Narrator: This is Science Today. Plant cell biologists at the University of California, Riverside have greatly accelerated scientists' knowledge of how plants and crops can survive tough environmental conditions, such as drought. Sean Cutler, an assistant plant cell biologist whose lab provided new insight into plants and crops on a molecular level, hopes their findings will also accelerate public funding.
Cutler: If you look at where our public money goes for science, disproportionately it goes to curing cancer and human disease and as a human, I do think those are important things. But I think that plants and agriculture are so vitally important to the survival of our species.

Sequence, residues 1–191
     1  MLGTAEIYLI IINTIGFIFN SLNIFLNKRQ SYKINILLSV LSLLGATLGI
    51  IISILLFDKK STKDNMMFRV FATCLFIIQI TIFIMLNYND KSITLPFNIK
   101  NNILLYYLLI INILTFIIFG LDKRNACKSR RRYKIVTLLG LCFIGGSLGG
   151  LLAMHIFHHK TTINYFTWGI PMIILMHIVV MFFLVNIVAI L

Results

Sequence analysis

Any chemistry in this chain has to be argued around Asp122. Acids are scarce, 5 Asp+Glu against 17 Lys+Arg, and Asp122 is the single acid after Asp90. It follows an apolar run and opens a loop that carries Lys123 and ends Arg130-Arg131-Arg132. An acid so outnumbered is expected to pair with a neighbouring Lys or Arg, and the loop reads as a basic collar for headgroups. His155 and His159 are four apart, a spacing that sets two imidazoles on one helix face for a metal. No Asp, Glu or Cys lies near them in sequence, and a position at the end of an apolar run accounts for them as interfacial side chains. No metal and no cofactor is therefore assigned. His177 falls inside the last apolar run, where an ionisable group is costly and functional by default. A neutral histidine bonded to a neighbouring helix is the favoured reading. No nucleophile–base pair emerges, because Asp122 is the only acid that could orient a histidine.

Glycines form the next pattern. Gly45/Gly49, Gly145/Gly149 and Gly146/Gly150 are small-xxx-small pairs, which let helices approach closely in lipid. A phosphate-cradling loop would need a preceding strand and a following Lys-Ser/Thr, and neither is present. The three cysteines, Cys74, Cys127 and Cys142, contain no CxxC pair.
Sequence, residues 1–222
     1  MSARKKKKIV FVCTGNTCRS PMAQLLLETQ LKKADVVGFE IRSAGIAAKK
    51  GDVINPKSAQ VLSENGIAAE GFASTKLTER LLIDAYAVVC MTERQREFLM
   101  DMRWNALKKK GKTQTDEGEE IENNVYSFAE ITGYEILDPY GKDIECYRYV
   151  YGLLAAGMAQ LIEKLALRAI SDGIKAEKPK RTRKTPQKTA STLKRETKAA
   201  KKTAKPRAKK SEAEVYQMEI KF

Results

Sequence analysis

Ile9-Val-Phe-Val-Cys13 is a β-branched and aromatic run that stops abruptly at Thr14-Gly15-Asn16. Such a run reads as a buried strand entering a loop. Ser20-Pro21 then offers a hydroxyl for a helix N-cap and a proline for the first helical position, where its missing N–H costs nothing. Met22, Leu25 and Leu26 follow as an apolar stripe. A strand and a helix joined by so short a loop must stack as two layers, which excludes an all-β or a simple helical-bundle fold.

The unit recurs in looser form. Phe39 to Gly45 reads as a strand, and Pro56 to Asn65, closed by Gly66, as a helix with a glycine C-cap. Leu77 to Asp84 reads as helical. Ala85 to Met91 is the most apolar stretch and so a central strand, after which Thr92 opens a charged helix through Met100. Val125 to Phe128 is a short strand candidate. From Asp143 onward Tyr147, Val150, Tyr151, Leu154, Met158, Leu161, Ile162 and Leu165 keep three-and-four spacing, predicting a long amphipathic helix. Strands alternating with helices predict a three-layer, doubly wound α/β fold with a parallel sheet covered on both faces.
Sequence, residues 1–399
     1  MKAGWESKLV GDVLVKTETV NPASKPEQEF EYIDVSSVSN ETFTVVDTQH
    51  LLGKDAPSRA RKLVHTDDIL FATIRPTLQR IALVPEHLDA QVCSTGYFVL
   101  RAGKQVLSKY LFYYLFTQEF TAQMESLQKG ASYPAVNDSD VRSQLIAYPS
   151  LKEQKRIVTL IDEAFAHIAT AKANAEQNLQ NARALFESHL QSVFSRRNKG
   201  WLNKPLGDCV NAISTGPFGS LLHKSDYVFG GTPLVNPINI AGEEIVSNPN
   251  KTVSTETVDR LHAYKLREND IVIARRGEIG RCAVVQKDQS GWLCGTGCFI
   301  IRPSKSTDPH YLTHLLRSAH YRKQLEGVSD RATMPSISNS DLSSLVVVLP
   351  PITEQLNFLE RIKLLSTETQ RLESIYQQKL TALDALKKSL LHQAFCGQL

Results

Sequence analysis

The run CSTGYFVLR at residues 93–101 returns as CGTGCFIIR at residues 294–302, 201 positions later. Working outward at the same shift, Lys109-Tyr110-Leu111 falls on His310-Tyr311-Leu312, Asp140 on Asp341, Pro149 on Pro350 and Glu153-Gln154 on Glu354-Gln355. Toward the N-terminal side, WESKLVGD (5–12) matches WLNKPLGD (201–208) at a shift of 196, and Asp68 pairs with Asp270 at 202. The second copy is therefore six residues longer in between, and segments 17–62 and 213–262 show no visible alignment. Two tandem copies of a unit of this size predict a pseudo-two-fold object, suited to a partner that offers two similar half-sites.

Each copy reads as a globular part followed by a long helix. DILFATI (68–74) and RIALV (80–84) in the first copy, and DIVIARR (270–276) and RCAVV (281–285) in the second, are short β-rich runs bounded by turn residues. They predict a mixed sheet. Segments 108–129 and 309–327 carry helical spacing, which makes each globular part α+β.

Narrator: In particular, Cutler says many of the diseases that we try and cure in humans are not even experienced in other parts of the world, due to malnourishment.
Cutler: The public needs to realize that these goals - improving plant growth, plant stress tolerance, increasing yield, reducing the dependence on fertilizer and pesticides and things like that, the basic research underlying that is fundamentally important for humanity.Narrator: For Science Today, I'm Larissa Branin.